Let’s End Violence Against Women In Ghana
Feature Article of Friday, 8 March 2013
Columnist: Amenyah, Awo Aidam
By Awo Aidam Amenyah
With the support of the Big Lottery Fund, UK ActionAid is implementing a multi-country project called Stop Violence against Girls in School (SVAGS).The Stop Violence Against Girls in School (SVAGS) project is being implemented simultaneously in Ghana, Kenya and Mozambique.
In Ghana, ActionAid Ghana is collaborating with: The Ghana National Education Campaign Coalition-GNECC and Songtaba – combining research, advocacy and community-level initiatives to improve girls’ access to and achievement in education.
The SVAGS also helps to create opportunities for girls’ empowerment and to establish a lasting basis for the transformation of gender relations in schools and communities.
Each year around the world, International Women’s Day (IWD) is celebrated on March 8. Thousands of events occur not just on this day but throughout March to mark the economic, political and social achievements of women. Organizations, governments, charities, educational institutions, women’s groups, corporations and the media celebrate the day.
The theme for 2012 was Connecting Girls, Inspiring Futures resulted in the United Nations support for the first International Day of the Girl celebrated on 11 October 2012.Now for 2013, the Coalition can boldly say that the Gender Agenda is truly gaining momentum and it is necessary to create the opportunity for girls to participate in driving the Agenda.
Addressing violence against girls in schools is essential to reduce HIV infection, pregnancy and early marriages and reinforce girls’ self-esteem, an important element for their success in education.
GNECC and partners are calling on every stakeholder including students to be protectors of girls and not being perpetuators of violence against girls. Our Schools should be a place where girls are empowered.
The Coalition joins others to congratulate women even as they mark the International Women’s Day globally and also call on them to work hard to keep their focus in promoting issues of women but not forget the girl child in all these struggles so that the girls stay in school and complete their education in the best of environments.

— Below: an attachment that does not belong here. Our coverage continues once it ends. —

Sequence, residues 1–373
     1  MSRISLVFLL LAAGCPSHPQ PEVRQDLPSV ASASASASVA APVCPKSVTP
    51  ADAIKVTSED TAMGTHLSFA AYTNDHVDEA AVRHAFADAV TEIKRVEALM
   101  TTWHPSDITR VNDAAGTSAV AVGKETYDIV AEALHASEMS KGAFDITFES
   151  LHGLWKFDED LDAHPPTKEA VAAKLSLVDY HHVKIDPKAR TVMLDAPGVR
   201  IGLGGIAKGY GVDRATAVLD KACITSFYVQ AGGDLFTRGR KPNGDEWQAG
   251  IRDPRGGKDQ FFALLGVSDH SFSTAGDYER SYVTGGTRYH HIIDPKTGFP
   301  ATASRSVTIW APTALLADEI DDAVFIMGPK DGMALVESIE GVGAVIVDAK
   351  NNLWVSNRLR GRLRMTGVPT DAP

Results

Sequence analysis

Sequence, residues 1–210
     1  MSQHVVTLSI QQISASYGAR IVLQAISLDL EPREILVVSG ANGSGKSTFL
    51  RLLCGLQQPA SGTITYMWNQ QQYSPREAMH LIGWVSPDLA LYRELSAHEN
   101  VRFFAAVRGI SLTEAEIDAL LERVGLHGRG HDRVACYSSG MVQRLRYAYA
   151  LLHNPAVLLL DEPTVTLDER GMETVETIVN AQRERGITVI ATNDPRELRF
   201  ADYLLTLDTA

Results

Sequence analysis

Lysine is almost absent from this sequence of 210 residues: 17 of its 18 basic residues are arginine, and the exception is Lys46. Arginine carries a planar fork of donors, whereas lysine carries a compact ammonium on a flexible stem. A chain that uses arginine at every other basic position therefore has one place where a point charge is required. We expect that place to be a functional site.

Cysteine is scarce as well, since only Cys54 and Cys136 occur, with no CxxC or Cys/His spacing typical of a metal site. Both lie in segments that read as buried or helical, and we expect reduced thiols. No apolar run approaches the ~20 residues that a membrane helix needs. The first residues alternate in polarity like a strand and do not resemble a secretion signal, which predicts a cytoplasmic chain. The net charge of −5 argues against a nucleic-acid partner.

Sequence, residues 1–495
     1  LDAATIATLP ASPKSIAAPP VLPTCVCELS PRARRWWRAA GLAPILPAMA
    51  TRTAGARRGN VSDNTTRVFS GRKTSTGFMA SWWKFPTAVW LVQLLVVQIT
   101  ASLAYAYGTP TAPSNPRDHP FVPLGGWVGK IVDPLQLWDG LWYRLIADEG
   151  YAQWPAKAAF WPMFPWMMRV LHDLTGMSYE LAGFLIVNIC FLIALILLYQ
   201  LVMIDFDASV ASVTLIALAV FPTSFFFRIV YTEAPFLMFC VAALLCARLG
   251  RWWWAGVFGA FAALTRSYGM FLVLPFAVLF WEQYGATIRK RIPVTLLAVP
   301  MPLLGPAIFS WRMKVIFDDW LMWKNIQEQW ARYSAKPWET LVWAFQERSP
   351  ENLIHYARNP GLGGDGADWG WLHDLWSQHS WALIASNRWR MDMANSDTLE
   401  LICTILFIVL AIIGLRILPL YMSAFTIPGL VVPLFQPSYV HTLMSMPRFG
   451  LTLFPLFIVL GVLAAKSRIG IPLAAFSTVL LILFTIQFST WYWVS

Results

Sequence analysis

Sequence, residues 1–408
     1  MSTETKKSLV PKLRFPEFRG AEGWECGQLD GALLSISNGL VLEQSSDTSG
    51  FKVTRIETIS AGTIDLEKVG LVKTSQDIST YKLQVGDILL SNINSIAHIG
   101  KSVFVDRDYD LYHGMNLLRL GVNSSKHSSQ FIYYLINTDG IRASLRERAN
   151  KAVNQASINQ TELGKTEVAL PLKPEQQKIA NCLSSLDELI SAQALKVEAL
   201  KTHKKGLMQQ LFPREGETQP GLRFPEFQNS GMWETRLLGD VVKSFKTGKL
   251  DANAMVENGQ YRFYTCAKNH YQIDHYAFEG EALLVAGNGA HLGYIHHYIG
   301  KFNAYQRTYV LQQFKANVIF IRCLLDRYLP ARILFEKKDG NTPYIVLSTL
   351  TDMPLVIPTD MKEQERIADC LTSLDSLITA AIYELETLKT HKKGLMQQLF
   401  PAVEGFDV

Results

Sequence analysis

The theme for this year’s International Women’s Day calls for some stock taking. It provides us with an opportunity to step back to evaluate the advancements that have been made not only in girl’s rights, but in ensuring that an enabling environment exist where girls and boys can achieve their optimal development.
It is an opportunity to educate ourselves on the impact gender has on society and to consider what support systems and frameworks need to be established to allow boys and girls to become true partners working together towards development. A person’s sex should not dictate what that individual can become or what they can contribute to their society and country in future.
The Domestic Violence and Victim Support Unit (DOVVSU) of the Ghana Police Service was created on 26th October, 1998 to create an environment that provides timely and equitable response for survivors of abuse in collaboration with stakeholders and to prevent, protect and prosecute crimes of violence, abuse, neglect of the vulnerable in the society.
The Girls’ Education Unit (GEU) of the Ghana Education Service(GES) was created in 1997 to coordinate and plan activities to address the lack of gender equality in access, participation and achievement of girls in education, to ascertain the reasons contributing to the low participation of girls in formal education’.
GNECC is calling on the Ministry of Gender, Children and Social Protection (MoGCSP) to equip the Girls Education Unit of the Ghana Education Service and the Domestic Violence and Victims Support Unit of the Ghana Police Service to play the following roles under the Memorandum of Understanding between the two state institutions;
A. Develop programme to enhance the social capital of girls and ensure their continuation from basic to secondary school education by addressing violence against girls in schools.
B. Create a school culture and environment that supports ‘zero tolerance’ for violence.
C. Impart values and skills to pupils and students to prevent violence against girls in schools.
D. Reducing the incidence of the various forms of violence against girls in schools by increasing the knowledge of pupils and students to learn the causes of and solutions for addressing VAGS and supporting peer leadership and activism.
E. Promoting school-based/ school community violence against girls’ prevention programmes in educational institutions in Ghana.
F. Creating gender desegregated data and statistics on VAGS in Ghana for research, advocacy and prevention programme.
G. Strengthening reporting referral systems.
GNECC and partners over four years now have tried to play their part in ensuring that the future for girls is bright, equal, safe and rewarding through the Stop Violence Against Girls in Schools project. In doing this,GNECC holds the view that boys and girls cannot be treated the same rather each should be given the opportunity to develop.
LONG LIVE GHANA AND LONG LIVE THE GIRLS OF GHANA.
*Awo Aidam Amenyah** is a Gender Programme Officer of GNECC*